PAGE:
The word "game" is unfortunate, because it makes it sound like it isn't real, but in multiplayer games and virtual worlds we do real romance, real learning and real business. Second Life has $2 million a day in real economic transactions. Unfortunately, these names have stuck. "Artificial intelligence" is real intelligence. "Virtual reality" is real reality. - Ray Kurzweil, Game Developers Conference 2008
The v-word - "virtual" - is a sticky wicket. We consider it a modern term, but its Latin roots go back to the 1400s, long before computers. Traditionally, it's a fairly ugly word, used to describe something that is like something else but isn't, such as the "virtual" extinction of a species or the "virtual" end of life as we know it. Even in its modern use applied to computer simulations of otherwise familiar activities, there is a general consensus that "virtual" means "not real." And this is the root of its veritable obsolescence.
The Origins of Virtual
"Virtual" in computer terminology originally referred to simulated spaces within computers themselves known as "virtual memory." Virtual servers and memory have risen into the geek consciousness more significantly in the last five years, but virtual memory itself was in use on German Mainframes as far back as 1959. Thus, when this computing term was applied in the early 1970s to another computer-mediated space first suggested in works of fiction, "virtual reality," no one blinked an eye - even though this represented a fundamental shift in the application of the word.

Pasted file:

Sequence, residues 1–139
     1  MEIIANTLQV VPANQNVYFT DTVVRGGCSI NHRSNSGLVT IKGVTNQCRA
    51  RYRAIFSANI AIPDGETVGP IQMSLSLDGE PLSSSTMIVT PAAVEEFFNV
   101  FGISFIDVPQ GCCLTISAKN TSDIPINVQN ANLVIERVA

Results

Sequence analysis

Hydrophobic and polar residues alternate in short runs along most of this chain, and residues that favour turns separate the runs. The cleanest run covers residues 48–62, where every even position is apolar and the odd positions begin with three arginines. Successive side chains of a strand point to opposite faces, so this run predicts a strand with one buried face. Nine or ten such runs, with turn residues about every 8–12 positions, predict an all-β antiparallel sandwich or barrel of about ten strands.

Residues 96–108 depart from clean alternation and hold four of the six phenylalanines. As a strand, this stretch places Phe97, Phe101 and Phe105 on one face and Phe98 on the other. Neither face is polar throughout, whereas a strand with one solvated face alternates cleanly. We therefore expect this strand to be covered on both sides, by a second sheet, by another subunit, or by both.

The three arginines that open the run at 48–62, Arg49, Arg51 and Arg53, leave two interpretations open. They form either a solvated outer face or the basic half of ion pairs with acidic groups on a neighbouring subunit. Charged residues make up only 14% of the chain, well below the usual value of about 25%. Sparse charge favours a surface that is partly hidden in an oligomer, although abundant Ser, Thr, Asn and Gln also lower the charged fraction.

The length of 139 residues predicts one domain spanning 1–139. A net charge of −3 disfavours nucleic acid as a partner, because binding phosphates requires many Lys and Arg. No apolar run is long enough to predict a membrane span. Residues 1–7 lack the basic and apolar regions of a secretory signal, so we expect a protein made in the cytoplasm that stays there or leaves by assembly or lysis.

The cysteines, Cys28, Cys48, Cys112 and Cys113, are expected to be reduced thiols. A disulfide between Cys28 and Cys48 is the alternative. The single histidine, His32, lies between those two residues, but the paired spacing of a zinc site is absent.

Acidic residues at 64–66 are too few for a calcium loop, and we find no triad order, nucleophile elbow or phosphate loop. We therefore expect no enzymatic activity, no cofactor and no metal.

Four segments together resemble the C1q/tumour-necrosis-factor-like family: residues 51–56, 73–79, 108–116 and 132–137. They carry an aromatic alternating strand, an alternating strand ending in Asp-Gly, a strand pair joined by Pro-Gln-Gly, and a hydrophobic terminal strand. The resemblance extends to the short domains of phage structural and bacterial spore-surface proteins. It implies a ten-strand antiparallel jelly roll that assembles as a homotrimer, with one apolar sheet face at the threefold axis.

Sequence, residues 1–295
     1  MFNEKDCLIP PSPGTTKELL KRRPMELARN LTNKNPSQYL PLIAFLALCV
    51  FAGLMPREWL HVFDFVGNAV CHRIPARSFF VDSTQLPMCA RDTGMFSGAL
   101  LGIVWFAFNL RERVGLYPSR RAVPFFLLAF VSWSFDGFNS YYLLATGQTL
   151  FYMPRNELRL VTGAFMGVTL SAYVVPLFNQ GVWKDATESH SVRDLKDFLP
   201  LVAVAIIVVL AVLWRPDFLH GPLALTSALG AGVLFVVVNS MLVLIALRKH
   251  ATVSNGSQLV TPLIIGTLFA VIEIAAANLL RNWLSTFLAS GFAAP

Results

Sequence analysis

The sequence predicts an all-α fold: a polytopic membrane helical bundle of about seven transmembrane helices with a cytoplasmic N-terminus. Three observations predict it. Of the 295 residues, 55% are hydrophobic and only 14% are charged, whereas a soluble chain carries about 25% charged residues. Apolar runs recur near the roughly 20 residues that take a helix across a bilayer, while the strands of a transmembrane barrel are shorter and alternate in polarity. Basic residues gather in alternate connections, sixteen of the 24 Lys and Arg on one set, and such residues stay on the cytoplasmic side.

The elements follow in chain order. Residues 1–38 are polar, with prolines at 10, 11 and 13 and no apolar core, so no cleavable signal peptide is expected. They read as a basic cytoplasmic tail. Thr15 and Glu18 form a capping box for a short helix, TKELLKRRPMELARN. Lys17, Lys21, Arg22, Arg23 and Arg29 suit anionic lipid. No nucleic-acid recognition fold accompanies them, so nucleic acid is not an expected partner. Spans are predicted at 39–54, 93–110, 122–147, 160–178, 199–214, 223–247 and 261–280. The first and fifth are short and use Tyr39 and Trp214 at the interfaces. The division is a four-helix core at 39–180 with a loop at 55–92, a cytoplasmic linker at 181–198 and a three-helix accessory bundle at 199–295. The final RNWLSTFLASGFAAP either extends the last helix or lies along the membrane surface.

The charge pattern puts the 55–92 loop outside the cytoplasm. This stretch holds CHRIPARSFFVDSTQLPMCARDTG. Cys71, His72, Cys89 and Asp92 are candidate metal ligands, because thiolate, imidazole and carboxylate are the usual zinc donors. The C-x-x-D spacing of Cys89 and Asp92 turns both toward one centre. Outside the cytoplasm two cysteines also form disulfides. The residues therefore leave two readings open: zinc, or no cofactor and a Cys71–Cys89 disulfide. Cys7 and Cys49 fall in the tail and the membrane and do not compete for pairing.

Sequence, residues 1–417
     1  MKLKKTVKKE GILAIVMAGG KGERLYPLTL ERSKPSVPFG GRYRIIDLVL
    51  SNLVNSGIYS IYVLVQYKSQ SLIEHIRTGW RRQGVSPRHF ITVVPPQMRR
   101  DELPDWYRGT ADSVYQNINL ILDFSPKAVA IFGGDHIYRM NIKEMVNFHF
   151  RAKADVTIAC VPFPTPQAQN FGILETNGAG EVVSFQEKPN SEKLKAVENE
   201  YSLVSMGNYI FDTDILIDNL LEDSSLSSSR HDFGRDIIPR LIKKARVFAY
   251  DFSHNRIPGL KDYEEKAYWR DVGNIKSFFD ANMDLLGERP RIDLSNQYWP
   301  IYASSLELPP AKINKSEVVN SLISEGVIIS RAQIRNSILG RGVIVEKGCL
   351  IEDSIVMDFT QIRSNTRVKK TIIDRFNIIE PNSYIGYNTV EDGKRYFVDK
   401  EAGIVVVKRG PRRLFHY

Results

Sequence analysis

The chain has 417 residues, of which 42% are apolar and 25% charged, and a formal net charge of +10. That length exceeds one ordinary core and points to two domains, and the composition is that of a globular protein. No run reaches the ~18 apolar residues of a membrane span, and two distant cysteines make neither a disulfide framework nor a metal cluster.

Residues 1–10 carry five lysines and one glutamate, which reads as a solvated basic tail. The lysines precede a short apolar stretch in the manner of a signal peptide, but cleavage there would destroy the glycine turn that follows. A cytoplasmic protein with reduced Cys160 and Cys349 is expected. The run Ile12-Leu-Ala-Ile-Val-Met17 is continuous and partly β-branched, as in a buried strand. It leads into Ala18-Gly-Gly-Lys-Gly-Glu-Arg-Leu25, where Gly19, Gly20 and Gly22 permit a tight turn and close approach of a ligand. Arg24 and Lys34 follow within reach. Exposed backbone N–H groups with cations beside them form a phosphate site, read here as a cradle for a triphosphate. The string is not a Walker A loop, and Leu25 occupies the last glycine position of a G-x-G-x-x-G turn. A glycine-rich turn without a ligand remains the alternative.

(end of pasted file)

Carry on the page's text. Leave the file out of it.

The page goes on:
The beginning of "virtual" in computer terms was exactly its use in other areas of language - a concession to the noun's "not reality." If "virtual reality" were reality, it wouldn't need the adjective "virtual," and so by adding it we made the qualification: "OK, so we know it's not actually reality, but it's like reality."
Word-bridges like this are our method of communicating and labeling something we've never encountered before.
"Chinese Checkers" is neither Chinese nor related to checkers, but using that term allowed Bill and Jack Pressman to provide a familiar yet exotic context to a game that most Americans in the late 1920s found completely new.
The problem, as Ray Kurzweil points out, is that even though most people with access to computers know what a "virtual world" is, we still use the bridge term, mostly out of habit. It now carries baggage beyond its original intent and entirely separate from its linguistic bridge function.
"Virtual" itself is applied today more broadly than to online worlds, but the precise application of "virtual community" or "virtual file-hosting" only muddies the water further. The only commonality between those usages is a loose it's-done-on-the-computer abstraction, an imprecision that continues to frustrate philosophers today.
But "virtual community" - which in the mainstream increasingly appears as "online community" due to its growing familiarity - leads to far less moral judgment than "virtual world," and this is at the heart of its need for replacement. As we continue to broaden the application of "virtual," from a computer networking term to colonoscopy via X-ray, the idea spaces that mediate between very real people are in much greater need of precise communication and understanding.